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    In the “war march” to the Red Sea


    It is the most dangerous naval mission in Bundeswehr history: On Friday, the heavily armed frigate “Hessen” will sail into the Red Sea. Beforehand, the crew receives prominent visitors.

    Defense Minister Boris Pistorius (SPD) has prepared the crew of the frigate “Hessen” for a dangerous mission in the Red Sea. “Now it's about the emergency,” he said during his visit to the 240 soldiers on the warship in the port of Souda Bay on the Greek island of Crete. “It's no exaggeration to say: It's the most serious and also the most dangerous mission the Navy has seen in decades.”

    The “Hessen” set off from Wilhelmshaven on February 8th towards the Red Sea, where it is supposed to protect merchant ships from attacks by the Iran-backed Houthi militia as part of an EU mission. If the Bundestag approves it on Friday, as expected, it will travel to the operational area from the Suez Canal immediately afterwards.

    On alert 24/7

    From then on she will be on the “war march” until the end of April, as the commander, Frigate Captain Volker Kübsch, says. This means that the crew is on alert around the clock in six-hour shifts and is therefore prepared for all possible attacks – be it with ballistic missiles, drones or even kamikaze speedboats with explosive charges.

    The German Navy has not experienced such an operation since the founding of the Bundeswehr. It has already protected merchant ships from pirate attacks in the same region. But it was about criminals who used small arms to take control of merchant ships. Now the enemy is a militia armed by an aggressive regional power like Iran. There are currently around five Houthi attacks per week, says Kübsch. “Basically, we assume that we too will be viewed as a target.”

    “A big task, a new dimension”

    The Houthis want to force an end to the Israeli attacks in the Gaza Strip by shelling ships, which are a response to the terrorist attack by the Islamist Hamas on October 7th. The sea route through the Red Sea and the Suez Canal is one of the most important trade routes in the world. Because of the Houthi attacks, large shipping companies are increasingly avoiding the shortest sea connection between Asia and Europe. This is now having a significant impact on the global economy. The USA and Great Britain have recently attacked Houthi targets in Yemen. The EU operation, on the other hand, is purely defensive.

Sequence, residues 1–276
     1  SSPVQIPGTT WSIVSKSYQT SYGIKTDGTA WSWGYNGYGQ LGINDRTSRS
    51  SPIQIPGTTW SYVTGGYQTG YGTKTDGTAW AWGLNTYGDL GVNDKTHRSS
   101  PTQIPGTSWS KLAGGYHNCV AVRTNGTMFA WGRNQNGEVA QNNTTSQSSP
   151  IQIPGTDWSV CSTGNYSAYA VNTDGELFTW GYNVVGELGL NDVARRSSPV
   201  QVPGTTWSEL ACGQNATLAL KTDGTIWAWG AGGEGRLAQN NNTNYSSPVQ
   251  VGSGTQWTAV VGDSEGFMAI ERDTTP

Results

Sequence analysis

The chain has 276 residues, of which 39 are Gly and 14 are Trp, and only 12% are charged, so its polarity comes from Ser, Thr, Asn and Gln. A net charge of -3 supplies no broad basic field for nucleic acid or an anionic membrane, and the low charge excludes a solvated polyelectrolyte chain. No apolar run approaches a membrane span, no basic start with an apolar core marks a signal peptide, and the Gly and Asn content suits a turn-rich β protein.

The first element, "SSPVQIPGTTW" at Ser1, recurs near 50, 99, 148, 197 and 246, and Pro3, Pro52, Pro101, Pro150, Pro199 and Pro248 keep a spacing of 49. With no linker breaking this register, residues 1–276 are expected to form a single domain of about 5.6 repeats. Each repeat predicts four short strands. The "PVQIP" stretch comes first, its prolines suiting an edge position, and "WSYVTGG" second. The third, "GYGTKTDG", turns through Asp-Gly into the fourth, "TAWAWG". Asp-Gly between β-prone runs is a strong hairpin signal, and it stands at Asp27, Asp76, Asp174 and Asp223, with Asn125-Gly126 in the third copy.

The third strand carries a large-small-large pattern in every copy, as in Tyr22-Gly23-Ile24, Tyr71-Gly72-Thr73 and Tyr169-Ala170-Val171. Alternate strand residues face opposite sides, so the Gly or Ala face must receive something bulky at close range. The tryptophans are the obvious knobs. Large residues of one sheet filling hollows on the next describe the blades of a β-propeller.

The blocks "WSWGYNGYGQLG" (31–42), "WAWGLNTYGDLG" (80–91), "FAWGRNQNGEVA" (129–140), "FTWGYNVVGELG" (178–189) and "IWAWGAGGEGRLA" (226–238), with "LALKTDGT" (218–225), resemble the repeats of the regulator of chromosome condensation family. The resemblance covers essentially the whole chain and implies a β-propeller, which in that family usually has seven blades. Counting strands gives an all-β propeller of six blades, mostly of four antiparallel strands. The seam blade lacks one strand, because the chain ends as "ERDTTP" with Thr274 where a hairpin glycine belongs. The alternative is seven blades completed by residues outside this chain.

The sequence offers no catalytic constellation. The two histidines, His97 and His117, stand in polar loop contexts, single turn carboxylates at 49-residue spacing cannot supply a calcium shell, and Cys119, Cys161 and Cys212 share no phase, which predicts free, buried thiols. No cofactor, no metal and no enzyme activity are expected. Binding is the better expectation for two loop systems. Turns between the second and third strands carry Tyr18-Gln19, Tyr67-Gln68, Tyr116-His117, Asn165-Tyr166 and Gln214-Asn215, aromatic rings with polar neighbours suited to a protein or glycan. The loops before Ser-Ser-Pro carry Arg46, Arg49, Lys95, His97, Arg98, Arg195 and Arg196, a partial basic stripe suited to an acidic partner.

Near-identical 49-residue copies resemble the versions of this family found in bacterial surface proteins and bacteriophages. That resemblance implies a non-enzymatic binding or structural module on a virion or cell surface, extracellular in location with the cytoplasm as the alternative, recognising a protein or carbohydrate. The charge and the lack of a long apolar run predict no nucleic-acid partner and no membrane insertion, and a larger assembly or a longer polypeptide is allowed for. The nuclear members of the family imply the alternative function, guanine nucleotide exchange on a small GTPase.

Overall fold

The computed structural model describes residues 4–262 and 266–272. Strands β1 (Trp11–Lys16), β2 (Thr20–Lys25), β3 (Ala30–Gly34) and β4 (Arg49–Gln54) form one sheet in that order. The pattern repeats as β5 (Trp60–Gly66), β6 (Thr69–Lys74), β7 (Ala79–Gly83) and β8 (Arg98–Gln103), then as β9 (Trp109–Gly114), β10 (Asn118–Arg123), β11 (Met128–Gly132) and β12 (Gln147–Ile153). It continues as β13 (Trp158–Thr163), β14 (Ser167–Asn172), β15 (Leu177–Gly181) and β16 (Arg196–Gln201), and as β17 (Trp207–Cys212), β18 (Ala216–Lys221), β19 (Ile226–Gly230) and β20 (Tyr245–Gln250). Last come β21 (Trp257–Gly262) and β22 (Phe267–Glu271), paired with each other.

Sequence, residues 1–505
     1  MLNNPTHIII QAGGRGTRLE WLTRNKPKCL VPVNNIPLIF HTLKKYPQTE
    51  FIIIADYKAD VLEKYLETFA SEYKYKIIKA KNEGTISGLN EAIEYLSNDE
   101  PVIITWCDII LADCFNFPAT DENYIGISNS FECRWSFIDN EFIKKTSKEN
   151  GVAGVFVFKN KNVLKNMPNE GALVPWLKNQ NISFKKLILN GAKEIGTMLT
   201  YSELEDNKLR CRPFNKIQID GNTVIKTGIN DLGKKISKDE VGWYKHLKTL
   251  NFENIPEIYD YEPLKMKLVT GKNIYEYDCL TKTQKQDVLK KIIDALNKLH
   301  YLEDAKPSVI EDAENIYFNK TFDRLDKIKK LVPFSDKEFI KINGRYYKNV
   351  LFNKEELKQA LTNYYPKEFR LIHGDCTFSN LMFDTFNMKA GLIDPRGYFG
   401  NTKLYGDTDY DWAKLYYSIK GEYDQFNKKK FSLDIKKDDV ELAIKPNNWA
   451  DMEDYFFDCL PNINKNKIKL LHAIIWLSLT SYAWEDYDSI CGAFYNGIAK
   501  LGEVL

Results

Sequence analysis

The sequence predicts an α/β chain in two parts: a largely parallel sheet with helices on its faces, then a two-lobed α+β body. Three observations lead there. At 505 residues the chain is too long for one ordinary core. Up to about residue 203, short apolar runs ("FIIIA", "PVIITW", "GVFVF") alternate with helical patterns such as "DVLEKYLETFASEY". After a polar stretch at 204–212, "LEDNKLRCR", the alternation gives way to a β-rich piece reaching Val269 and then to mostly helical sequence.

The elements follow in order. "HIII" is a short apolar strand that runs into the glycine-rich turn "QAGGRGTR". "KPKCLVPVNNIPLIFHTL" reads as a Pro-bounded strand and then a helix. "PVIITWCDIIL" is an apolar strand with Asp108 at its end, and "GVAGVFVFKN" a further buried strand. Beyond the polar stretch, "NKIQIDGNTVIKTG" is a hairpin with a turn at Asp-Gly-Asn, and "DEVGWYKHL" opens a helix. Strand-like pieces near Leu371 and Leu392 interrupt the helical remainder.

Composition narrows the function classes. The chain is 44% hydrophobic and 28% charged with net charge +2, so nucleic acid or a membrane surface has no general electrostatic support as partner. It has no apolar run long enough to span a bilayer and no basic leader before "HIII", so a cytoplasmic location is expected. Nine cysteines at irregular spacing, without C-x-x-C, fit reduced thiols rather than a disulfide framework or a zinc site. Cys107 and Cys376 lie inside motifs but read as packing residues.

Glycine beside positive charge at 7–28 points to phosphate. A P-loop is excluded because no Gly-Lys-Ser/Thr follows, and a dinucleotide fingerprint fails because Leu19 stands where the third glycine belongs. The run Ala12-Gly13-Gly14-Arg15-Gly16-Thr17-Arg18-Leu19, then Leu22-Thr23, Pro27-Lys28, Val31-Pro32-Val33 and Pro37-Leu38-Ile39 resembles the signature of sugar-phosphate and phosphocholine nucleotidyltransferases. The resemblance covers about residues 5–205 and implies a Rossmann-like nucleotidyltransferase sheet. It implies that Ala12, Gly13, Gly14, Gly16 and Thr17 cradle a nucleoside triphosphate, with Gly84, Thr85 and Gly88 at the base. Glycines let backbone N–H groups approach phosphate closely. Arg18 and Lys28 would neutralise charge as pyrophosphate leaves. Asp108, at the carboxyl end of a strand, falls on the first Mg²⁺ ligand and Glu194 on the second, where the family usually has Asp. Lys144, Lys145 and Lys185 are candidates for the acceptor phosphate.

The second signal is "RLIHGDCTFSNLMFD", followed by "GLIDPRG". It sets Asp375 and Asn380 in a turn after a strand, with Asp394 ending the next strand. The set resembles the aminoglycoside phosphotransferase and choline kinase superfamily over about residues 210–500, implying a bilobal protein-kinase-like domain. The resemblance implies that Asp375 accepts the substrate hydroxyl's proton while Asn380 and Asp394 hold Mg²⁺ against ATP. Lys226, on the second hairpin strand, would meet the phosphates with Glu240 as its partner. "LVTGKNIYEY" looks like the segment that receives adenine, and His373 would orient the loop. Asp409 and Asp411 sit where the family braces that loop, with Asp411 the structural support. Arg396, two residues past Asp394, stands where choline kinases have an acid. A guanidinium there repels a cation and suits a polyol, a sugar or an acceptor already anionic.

For Pistorius, however, his importance should not be underestimated. It's about the stability of the entire region, about “a major task, a new dimension,” he tells the soldiers. “It's about nothing more and nothing less than protecting the rules-based order.”

    17 EU states and Norway involved

    The foreign ministers of the EU states had already given the green light for Operation “Aspides” on Monday. 17 European Union states and Norway are taking part in the mission, five of them with ships. The Bundestag will vote on the mission on Friday. The chairwoman of the Defense Committee, Marie-Agnes Strack-Zimmermann (FDP), who accompanied Pistorius on his visit to the troops, promises great approval. In addition to the traffic light factions, the Union is also likely to say yes to the operation.

    It is the Bundeswehr's first foreign deployment for which Pistorius is responsible as Defense Minister. He deliberately sent the ship to the Red Sea early on so that the operation could begin immediately after the Bundestag vote. The ship will therefore set off for the Suez Canal on Wednesday morning.

    Long-range anti-aircraft missiles

    The frigate “Hessen” was designed specifically for escort and maritime control. With its radar it can monitor an airspace the size of the entire North Sea – 350 kilometers in all directions. Their anti-aircraft missiles range more than 160 kilometers. In addition to the regular crew and two helicopters, there are also other emergency services on board, including a team of doctors and a military chaplain.

    The vote on the mission in the Bundestag is scheduled for 12.25 p.m. on Friday. Then things get serious for the soldiers. The mood was “tense, but in a positive sense,” says Commander Kübsch. And Commander-in-Chief Pistorius promises the soldiers: “I will be informed regularly about how they are doing, whether everything is OK, whether anything is missing.”

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